The same nursery worker looking after two well-behaved children and a poorly behaved child will spend disproportionate amounts with the poorly behaved child and the other children's development will suffer.

    We blame the nurseries instead of the bad parenting. Same in schools.

  • Comment number 17.

    This comment was removed because the moderators found it broke the house rules. Explain.

  • rate this
    0

    Comment number 16.

    Only 1% inadequate? I wonder if the same could be said for parents?

  • rate this
    -12

    Comment number 15.

    Wouldn't it be easier to simply start statutory education at 4 (or earlier) years old using "proper" teachers and a pre-school curriculum regulated by Ofstead ?. It would certainly reduce the cost of childminding for working parents, provide structured entry into education and might, just might, produce kids who can read & write by the time they leave school.

  • rate this
    +2

    Comment number 14.

    Is this joined up government? Or just another crackpot quango trying to justifiy it's existence. It's about time our rulers woke up to the fact that it is the ever increasing costs of child care that is the main obstacle and we already have the highest childcare cost in Europe. Mothers choose nursieries because of their reputations not because of their ability to teach higher math or philosophy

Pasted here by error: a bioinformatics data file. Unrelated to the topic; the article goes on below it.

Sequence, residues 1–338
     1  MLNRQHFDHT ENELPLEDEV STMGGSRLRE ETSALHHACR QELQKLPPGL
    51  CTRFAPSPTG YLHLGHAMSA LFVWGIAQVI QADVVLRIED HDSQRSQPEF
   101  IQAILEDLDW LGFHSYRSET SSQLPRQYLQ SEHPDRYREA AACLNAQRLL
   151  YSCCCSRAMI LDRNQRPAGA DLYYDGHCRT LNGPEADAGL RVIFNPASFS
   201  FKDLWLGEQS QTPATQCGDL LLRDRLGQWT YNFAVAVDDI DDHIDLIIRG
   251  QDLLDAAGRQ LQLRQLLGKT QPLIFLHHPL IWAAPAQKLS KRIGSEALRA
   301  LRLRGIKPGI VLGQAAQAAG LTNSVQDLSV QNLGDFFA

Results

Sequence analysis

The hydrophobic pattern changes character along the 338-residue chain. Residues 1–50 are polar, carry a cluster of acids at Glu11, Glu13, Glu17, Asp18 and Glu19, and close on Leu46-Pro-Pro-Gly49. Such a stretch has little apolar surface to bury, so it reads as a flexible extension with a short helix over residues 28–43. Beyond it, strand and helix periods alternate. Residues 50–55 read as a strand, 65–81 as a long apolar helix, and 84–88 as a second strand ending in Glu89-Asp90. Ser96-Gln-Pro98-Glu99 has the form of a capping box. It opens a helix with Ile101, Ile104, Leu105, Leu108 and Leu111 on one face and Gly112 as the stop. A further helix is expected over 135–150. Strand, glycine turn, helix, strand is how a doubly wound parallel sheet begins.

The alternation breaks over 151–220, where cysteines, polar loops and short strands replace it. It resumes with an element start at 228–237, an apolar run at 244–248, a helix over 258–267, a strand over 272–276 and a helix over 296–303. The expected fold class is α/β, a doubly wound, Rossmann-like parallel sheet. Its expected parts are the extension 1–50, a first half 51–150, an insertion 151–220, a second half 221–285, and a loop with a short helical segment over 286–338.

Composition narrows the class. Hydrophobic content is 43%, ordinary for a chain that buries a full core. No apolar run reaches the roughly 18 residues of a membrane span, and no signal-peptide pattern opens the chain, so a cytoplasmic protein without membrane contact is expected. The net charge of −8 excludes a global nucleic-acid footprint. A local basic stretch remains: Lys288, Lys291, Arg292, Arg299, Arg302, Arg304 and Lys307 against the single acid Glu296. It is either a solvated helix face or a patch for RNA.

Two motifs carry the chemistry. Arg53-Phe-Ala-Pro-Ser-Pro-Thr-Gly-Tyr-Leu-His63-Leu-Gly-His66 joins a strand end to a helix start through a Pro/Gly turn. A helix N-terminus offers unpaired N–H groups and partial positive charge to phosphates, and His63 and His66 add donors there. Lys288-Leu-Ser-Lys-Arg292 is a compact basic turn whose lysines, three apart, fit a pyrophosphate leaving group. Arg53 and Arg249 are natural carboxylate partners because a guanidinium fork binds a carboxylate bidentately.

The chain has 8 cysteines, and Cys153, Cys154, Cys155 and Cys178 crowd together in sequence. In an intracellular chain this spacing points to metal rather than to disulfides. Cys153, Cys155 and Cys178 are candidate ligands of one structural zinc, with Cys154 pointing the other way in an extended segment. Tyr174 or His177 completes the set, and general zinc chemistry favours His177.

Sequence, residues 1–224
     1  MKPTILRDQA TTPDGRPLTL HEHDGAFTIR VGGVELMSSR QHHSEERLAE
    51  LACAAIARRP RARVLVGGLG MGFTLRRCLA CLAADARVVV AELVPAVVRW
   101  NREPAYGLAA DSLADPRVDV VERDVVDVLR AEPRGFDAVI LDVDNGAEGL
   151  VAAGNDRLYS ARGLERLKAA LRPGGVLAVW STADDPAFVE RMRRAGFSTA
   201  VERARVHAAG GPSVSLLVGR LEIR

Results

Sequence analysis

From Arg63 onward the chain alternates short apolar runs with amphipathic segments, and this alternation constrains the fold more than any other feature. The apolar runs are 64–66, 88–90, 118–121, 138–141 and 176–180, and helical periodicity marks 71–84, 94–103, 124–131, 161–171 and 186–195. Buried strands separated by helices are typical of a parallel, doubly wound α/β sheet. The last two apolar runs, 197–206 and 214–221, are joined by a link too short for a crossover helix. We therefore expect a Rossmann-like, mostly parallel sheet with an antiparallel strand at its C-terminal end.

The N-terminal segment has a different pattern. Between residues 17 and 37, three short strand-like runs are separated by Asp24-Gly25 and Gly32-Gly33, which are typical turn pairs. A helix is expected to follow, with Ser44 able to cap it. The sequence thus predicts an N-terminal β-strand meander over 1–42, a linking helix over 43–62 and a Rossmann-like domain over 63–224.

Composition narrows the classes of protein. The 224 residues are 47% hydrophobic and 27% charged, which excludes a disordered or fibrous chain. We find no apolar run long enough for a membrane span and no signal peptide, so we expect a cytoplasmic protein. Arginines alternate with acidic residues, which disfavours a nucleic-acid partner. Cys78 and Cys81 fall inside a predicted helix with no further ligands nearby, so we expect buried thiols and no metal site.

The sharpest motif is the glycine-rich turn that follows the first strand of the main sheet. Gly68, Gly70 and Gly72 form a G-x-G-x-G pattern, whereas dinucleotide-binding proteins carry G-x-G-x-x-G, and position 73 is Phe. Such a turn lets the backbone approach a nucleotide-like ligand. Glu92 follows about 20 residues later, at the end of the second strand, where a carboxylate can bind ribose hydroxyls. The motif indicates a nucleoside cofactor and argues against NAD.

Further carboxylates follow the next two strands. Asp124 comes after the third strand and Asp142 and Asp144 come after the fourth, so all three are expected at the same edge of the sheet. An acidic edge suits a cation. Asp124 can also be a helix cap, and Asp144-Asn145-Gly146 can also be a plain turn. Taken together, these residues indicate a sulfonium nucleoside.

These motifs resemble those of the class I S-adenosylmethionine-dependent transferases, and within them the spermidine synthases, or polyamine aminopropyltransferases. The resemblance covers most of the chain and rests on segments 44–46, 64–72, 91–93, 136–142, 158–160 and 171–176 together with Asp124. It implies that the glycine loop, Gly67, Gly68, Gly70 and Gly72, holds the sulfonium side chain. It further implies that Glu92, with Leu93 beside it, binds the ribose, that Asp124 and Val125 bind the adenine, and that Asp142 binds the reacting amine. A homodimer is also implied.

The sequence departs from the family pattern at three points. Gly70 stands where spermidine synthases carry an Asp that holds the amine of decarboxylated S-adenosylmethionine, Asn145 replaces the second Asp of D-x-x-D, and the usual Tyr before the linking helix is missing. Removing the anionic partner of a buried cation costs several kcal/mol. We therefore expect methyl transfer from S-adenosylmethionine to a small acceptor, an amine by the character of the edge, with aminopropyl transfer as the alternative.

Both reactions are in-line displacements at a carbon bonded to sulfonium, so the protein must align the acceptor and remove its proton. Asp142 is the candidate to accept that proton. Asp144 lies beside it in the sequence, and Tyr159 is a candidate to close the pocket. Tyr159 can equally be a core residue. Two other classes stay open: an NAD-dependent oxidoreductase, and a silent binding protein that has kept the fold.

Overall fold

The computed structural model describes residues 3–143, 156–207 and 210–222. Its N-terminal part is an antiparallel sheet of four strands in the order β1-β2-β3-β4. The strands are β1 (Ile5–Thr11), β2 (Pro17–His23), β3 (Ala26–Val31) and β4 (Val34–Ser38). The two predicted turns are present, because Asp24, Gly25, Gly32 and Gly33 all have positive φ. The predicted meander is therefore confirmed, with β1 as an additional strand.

• rate this
    +7

    Comment number 13.

    Enough with the qualifications. I don't want either my nurse or my child to be looked after by a graduate. I would like them to be kind, caring and compassionate first and foremost. There is plenty of time for 'education' when school starts.

  • rate this
    +1

    Comment number 12.

    This really concerns me as a parent who has lived in high achieving Scandinavian countries - it shows that this government simply doesn't understand how children learn. There is a petition for parents about the government's lack of regard for evidence in education - you can sign by clicking on www.thinking-about-education.co.uk/parents-petition

  • rate this
    +5

    Comment number 11.

    Ofsted just covering it's own back again so if anything goes wrong they don't have to take the blame. When will someone in Govt (who always preach they will reduce red tape) realise that you can end up over-regulating to the point that people do not feel it is a job worth taking on? Can't help feeling Ofsted have far too big a remit and power.